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What is a Certificate of Incumbency? And why do you need it?
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What is a Certificate of Incumbency? And why do you need it?

If you're a business operator in the United States, you often need to ensure that designated employees possess the authority to represent your company as officials in foreign countries. This requirement is particularly crucial when engaging in international business transactions. In such cases, obtaining a Certificate of Incumbency Apostille becomes a frequent necessity, especially if the foreign country is a party to the Hague Convention of 1961. This apostille must be affixed to the notarized certificate when submitting the document to international organizations.

Understanding the Certificate of Incumbency

Running a business entails substantial paperwork, ranging from mandatory state forms to optional yet valuable documents, regardless of your company's structure. Amidst these legal concepts and essential records, the Certificate of Incumbency is often overlooked.

Also referred to as an incumbency certificate, a Certificate of Incumbency is issued by a Limited Liability Company (LLC) or a corporation. It serves to identify directors, officers, and key stakeholders, providing detailed information about their roles and positions.

The certificate serves as a confirmation of the authorized signatories within the company, highlighting those with the power to enter into agreements on behalf of the organization.

Creating a Certificate of Incumbency

The responsibility of creating a Certificate of Incumbency lies with the corporation's secretary, usually accompanied by the company seal. This document can be notarized by a public notary. It's essential to be mindful of varying local laws across states or seek legal guidance to navigate these intricacies effectively.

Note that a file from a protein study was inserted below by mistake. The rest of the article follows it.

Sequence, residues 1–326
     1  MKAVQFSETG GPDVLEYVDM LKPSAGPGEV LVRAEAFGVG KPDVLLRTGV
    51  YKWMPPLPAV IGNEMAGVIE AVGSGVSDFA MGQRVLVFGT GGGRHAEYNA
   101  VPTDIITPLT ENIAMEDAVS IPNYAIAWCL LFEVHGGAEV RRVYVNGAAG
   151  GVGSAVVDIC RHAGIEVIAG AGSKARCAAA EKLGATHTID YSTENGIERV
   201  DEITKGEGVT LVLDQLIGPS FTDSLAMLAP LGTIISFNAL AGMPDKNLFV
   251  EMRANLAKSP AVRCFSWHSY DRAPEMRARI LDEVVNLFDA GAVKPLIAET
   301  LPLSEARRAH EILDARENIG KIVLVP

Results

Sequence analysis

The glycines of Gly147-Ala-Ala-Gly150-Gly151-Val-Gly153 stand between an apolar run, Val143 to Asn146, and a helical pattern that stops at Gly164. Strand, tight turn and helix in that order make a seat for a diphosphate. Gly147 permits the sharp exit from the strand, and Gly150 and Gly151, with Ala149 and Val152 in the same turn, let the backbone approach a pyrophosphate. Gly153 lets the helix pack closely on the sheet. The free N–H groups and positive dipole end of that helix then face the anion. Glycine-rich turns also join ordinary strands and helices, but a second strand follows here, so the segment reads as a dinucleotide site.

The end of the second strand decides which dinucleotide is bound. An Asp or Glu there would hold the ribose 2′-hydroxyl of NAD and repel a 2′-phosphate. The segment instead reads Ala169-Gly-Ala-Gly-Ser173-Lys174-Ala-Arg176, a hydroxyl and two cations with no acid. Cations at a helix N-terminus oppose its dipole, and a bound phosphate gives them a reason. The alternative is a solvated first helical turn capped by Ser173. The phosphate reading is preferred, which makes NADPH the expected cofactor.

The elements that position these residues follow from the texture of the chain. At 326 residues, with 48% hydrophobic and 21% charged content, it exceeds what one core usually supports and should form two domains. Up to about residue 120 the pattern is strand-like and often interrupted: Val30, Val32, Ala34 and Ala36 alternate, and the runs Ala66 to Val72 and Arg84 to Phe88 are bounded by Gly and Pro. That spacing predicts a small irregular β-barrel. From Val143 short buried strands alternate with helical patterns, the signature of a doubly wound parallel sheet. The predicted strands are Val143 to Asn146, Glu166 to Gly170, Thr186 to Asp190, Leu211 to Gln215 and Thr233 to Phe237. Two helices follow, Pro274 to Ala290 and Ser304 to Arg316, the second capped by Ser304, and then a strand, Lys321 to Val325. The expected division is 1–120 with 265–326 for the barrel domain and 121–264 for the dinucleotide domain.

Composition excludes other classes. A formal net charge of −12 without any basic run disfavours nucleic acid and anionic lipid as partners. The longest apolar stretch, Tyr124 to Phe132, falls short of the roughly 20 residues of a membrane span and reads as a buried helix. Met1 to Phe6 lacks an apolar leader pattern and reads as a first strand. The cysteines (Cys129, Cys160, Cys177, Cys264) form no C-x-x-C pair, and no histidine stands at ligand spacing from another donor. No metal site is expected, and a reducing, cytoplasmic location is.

Due to its official nature, the Certificate is recognized by third parties as a valid representation of the company's actions, with the Secretary acting as the custodian of records.

The Certificate of Incumbency includes information about officers' names, positions, election or appointment status, and term duration. Often, a sample of each officer's signature is provided to ensure verification.

Applications of the Certificate of Incumbency in Business

When establishing financial accounts, such as at a bank, presenting a Certificate of Incumbency may be necessary. This step assures the bank that the individual representing the company has the authority to create accounts on the company's behalf.

In situations requiring legal representation, verifying the individual's identity and position becomes crucial. Knowledge of key decision-makers within the company is essential, particularly if official documents needing legal enforcement are to be signed.

Certificate of Incumbency Apostille

To process a Certificate of Incumbency Apostille, the original document must be notarized and signed. Specific requirements apply if the signatories are located in different states.


Opting for the services of a professional document certification firm like Apostille LLC is the recommended approach for effectively handling the processing of your Certificate of Incumbency Apostille.